Considering the quantity of documentation and tax forms required, employing an independent contractor is no easy undertaking. Moreover, when it comes to filing taxes, the work becomes considerably more complicated.
Outsourcing the recruiting and payroll process allows company owners to develop their staff, focus on other essential elements of their organization, and have peace of mind regarding tax and documentation compliance.
With Deskera People, handling leave, attendance, payroll, and other costs become easier. For example, paying your staff is now simple since the platform digitizes and automates HR activities.
The employee grid in Deskera People displays all of the employee's critical information at a glance. With filtering options available in every array column, it is easy to discover the data you want.
Frequently Asked Questions
Is it required for a freelancer to pay taxes on his income?
No taxes are withheld from the compensation because an independent contractor works as a non-employee. However, because the IRS requires the client to complete form 1099 MISC and provide one copy to the individual contractor, the contractor must pay all taxes for income generated during the calendar year.
What Is the Distinction Between a 1099 Contractor and a Self-Employed Person?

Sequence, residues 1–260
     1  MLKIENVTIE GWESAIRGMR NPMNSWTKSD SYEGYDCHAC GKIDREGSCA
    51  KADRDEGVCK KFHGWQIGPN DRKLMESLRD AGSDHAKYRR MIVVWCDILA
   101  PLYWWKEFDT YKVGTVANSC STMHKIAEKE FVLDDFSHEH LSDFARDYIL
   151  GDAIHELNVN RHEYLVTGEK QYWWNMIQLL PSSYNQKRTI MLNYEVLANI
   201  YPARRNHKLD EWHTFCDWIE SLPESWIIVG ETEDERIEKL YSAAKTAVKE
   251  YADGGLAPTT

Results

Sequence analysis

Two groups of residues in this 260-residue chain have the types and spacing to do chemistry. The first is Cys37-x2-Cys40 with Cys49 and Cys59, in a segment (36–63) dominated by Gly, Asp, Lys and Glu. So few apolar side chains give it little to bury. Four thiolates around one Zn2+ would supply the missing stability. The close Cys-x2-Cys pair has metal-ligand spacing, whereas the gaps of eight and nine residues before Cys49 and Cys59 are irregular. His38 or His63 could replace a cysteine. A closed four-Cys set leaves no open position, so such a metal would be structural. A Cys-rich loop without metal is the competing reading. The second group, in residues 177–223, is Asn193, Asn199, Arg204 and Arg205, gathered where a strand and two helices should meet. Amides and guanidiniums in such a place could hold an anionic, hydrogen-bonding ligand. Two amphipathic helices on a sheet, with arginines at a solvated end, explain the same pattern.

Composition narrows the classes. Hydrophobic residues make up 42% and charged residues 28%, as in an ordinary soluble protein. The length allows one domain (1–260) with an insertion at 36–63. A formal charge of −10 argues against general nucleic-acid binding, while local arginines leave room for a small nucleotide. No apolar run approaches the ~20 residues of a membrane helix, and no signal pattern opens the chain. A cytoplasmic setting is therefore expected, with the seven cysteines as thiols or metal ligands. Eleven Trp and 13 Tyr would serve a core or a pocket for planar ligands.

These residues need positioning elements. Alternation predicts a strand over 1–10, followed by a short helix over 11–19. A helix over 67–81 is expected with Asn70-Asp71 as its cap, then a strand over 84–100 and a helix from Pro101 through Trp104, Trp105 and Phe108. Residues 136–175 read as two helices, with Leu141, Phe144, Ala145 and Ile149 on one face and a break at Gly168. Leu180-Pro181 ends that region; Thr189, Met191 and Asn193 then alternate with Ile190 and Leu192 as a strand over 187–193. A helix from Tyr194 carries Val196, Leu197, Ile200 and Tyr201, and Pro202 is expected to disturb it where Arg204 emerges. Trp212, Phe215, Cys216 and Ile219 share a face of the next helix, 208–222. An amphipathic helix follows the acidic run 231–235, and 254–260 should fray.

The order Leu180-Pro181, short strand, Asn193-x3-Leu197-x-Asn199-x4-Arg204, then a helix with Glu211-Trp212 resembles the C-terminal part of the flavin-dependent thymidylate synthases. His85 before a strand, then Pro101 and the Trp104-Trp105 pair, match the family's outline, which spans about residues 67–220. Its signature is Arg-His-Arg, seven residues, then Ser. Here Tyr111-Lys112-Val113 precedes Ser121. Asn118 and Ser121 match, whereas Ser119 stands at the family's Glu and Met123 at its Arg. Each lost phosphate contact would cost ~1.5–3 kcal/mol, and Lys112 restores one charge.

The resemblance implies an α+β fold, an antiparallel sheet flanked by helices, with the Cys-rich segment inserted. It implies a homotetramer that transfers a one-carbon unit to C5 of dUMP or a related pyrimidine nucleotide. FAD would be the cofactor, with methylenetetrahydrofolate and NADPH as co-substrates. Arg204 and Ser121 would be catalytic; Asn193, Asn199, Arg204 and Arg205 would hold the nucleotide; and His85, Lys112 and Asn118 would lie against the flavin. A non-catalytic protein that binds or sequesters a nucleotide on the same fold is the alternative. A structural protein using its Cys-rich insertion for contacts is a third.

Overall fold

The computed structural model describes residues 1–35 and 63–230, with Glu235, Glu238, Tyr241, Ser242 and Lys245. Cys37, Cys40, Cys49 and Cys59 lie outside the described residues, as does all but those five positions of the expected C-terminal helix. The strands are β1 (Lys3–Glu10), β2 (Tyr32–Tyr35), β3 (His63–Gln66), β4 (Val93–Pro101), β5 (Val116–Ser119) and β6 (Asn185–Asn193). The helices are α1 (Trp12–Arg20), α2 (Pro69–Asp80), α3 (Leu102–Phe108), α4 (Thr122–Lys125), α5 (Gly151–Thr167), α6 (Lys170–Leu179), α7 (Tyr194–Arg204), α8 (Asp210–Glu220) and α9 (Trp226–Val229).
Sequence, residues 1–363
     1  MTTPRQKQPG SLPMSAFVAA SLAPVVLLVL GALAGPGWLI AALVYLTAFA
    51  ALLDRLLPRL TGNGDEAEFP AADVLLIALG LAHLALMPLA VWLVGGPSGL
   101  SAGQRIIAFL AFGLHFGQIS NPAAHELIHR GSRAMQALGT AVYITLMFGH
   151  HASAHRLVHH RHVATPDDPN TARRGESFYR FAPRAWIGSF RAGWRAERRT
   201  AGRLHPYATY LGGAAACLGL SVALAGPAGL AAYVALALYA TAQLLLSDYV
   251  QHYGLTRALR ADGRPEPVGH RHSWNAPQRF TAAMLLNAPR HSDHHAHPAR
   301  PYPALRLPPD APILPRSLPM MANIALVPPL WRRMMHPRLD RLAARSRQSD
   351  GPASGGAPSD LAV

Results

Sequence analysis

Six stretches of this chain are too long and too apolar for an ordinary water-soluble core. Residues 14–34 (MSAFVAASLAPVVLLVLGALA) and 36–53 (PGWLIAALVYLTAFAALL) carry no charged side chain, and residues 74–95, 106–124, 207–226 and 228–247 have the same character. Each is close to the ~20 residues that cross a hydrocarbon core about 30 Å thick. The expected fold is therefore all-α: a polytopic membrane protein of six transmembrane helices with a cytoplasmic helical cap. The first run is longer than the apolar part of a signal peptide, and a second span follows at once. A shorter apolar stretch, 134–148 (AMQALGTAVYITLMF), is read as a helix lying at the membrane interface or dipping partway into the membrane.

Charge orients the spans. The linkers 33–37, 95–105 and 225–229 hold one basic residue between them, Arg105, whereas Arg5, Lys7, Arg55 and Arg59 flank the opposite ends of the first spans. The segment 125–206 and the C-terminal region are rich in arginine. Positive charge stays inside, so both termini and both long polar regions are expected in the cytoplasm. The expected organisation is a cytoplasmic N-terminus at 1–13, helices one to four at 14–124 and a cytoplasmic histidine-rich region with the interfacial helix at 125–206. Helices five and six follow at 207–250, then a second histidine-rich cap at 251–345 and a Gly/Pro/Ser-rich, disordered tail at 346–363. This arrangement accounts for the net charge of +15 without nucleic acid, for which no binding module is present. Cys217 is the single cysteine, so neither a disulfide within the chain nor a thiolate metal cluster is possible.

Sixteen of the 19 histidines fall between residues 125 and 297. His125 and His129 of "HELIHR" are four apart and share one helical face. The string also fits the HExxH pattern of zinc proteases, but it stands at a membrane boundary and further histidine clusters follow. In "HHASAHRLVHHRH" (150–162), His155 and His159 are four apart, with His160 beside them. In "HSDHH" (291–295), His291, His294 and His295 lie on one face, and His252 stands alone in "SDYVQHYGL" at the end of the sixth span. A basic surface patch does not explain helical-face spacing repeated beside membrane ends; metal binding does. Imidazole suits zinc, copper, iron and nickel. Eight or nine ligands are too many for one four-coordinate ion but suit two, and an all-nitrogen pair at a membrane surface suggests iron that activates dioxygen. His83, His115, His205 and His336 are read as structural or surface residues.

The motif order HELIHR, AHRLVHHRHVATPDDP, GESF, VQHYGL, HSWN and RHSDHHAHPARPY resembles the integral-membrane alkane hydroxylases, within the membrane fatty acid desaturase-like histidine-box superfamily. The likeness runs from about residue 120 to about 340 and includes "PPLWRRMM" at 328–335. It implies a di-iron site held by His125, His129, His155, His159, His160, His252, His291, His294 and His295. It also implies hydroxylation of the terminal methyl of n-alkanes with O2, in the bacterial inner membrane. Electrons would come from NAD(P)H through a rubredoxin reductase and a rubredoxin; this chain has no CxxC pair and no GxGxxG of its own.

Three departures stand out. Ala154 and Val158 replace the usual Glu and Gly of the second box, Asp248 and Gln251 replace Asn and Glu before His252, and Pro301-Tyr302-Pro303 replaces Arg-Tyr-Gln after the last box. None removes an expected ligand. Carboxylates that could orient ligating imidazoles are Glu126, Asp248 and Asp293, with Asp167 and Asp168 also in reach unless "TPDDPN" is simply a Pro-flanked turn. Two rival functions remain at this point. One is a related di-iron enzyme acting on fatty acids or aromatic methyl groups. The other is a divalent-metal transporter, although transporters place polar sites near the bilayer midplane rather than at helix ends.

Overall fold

A 1099 contractor is the same as a self-employed employee. A dentist who has a practice, for example, is an example of a freelancer. However, a freelancer, for example, who makes hats and sometimes sells them at holiday markets, is not always a contractor, as they usually supply an item or service on a contract basis.
As a 1099 Contractor, How To Complete Form W-9?
If you are a contractor employed by a firm or individual to provide a service, they will almost certainly require you to fill out a W-9 form. You must validate information such as your name, residence, and tax id. The IRS website has all of the W-9 pages available and step-by-step instructions on filling them out.
How can Deskera Help You?
Deskera People is a cloud-based software that will help to create and assign custom pay components to an employee in light of your requirements.
Deskera People provides all the employee's essential information at a glance with the employee dashboard. With sorting options embedded in each column of the grid, it is easier to get the information you want.
In addition to a powerful HRMS, Deskera offers integrated Accounting, CRM & HR Software for driving business growth.
Deskera People will distinguish those components assigned to the employee and naturally compute the wages taking in the specific conditions which can be designed in each component like pre and post-tax deductions.
To learn more about Deskera and how it works, take a look at this quick demo:
· Hiring contract workers is cost-effective and flexible.
· Contractors do not get employment benefits such as medicare contributions, payroll taxes, or employees' insurance.
· Forms and documents you need to hire a 1099 contractor:
· Form W-9: It gathers tax information from independent contractors
· Companies use forms W-8BEN and W-8BEN-E to collect tax information from overseas independent contractors
· Form 1099-NEC: Contractor Income Report
· Form SS-8: It helps in properly categorizing employees
· Independent contractor agreement
· A confidentiality agreement
· Non-compete clause
· Non-solicitation contracts